By Robert Langreth
NEW YORK — The safety of robots made by Intuitive Surgical Inc. is being probed by U.S. regulators, raising questions about the prospects of one of the hottest technologies in health care.
The Food and Drug Administration asked surgeons at key hospitals to list the complications they may have seen with the machines, which cost about $1.5 million each and were used last year in almost 500,000 procedures. The doctors were also surveyed on which surgeries the robots might be most and least suited for, and asked to discuss their training, according to copies of the survey obtained by Bloomberg News.
The answers may sway debate on whether robotic surgeries promoted as being less invasive are worth the extra cost. The findings may also determine the outlook for Intuitive. The da Vinci surgical system and related products generated most of the Sunnyvale, California-based company’s $2.2 billion revenue in 2012, and helped boost market value 70 percent over three years to about $23 billion, according to data compiled by Bloomberg.
The surveys were sent to hospitals that belong to a product safety network overseen by the FDA. What the agency is trying to determine is whether a rise seen in incident reports sent to the agency are “a true reflection of problems” with the robots, or the result of other issues, said Synim Rivers, an agency spokeswoman, in an e-mail. “It is difficult to know why the reports have increased,” she said.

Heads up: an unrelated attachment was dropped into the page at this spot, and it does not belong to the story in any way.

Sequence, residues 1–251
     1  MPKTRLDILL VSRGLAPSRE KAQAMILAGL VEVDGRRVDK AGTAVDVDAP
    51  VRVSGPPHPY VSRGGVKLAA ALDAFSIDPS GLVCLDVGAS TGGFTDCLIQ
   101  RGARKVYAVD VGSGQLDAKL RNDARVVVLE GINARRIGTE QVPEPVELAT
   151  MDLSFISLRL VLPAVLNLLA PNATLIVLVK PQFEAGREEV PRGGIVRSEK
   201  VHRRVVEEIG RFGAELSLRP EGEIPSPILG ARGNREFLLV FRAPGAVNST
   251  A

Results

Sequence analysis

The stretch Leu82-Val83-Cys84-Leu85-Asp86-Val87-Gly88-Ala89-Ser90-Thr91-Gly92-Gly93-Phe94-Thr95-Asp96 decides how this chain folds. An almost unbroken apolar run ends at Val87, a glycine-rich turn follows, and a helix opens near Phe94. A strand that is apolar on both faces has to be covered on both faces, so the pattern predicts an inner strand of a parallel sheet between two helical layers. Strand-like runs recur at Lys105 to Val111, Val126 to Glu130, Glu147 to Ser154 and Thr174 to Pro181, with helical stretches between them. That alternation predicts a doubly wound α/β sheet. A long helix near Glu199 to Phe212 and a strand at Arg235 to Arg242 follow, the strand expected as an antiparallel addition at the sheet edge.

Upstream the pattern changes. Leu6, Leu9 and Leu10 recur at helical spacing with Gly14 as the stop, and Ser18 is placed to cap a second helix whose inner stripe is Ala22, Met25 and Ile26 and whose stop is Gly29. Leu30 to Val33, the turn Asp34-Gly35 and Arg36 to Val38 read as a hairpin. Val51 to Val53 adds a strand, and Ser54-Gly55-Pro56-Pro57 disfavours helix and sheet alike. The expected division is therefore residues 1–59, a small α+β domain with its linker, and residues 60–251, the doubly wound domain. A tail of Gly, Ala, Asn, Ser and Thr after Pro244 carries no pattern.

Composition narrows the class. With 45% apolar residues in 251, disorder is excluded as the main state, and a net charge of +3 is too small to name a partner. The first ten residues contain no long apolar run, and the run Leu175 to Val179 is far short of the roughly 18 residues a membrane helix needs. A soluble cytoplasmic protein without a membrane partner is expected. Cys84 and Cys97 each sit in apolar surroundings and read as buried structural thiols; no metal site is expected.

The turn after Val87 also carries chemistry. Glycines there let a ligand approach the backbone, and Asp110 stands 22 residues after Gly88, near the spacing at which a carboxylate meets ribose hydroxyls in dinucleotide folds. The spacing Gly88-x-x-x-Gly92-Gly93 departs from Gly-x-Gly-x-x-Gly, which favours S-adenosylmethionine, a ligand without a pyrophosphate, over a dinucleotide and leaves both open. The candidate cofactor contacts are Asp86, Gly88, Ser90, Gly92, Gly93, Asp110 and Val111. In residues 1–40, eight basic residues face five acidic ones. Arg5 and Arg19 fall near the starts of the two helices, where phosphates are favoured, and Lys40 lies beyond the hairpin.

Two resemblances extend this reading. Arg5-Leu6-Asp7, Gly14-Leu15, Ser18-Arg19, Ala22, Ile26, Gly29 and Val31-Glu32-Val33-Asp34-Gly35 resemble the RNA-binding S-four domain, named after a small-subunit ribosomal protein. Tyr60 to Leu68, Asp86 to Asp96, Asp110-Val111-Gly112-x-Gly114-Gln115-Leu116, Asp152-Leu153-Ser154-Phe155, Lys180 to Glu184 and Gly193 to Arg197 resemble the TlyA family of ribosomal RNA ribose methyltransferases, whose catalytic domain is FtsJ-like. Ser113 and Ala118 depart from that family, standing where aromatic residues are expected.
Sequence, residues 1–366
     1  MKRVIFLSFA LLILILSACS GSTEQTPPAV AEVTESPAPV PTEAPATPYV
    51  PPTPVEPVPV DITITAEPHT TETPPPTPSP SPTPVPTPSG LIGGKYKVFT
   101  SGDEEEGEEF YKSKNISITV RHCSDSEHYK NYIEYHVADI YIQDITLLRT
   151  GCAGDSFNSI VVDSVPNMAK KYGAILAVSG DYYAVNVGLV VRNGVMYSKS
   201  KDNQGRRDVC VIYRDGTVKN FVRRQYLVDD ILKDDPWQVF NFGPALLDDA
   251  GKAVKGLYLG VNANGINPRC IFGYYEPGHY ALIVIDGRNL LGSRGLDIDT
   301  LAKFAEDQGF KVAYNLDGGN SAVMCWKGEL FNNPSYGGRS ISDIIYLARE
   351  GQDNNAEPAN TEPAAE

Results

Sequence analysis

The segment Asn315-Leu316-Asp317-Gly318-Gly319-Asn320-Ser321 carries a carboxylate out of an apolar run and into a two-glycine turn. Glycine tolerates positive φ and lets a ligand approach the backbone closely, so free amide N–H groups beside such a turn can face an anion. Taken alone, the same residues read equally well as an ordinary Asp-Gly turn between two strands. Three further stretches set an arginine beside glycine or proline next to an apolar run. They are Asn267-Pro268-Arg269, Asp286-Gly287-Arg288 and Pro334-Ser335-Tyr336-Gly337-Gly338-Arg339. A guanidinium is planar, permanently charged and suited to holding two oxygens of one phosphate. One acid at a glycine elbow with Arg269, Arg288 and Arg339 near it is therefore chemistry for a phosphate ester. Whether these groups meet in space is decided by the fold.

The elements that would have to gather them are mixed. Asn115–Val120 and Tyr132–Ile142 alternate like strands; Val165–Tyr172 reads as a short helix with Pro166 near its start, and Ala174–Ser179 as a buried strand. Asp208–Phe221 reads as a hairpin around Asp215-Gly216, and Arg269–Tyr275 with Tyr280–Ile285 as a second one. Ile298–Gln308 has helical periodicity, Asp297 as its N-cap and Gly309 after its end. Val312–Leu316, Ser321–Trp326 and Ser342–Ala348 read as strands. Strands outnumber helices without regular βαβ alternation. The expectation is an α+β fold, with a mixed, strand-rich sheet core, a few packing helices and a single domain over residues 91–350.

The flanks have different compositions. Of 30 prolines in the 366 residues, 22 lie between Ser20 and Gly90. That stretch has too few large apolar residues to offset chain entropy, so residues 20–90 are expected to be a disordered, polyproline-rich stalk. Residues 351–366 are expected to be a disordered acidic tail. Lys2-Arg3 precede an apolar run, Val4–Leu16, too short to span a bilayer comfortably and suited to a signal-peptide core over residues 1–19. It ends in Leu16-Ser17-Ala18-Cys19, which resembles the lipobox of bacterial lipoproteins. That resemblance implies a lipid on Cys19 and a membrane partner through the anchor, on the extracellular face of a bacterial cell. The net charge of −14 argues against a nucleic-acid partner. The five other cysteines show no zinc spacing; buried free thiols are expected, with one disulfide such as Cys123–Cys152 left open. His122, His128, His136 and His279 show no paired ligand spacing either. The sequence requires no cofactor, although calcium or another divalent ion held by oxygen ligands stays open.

Incident reports are sent to the agency by patients, medical professionals and companies. They “can contain incomplete, inaccurate, duplicative and unverified information,” Rivers said.
Intuitive fell 11 percent Thursday to close at $509.89. The stock recovered Friday, rising 8.5 percent to close at $553.40 in New York when at least four analysts reiterated their recommendations of the shares. Jeremy Feffer, a Cantor Fitzgerald analyst, raised his rating to buy from hold, saying “we see limited risk of this investigation materializing into significant punitive measures against the company.”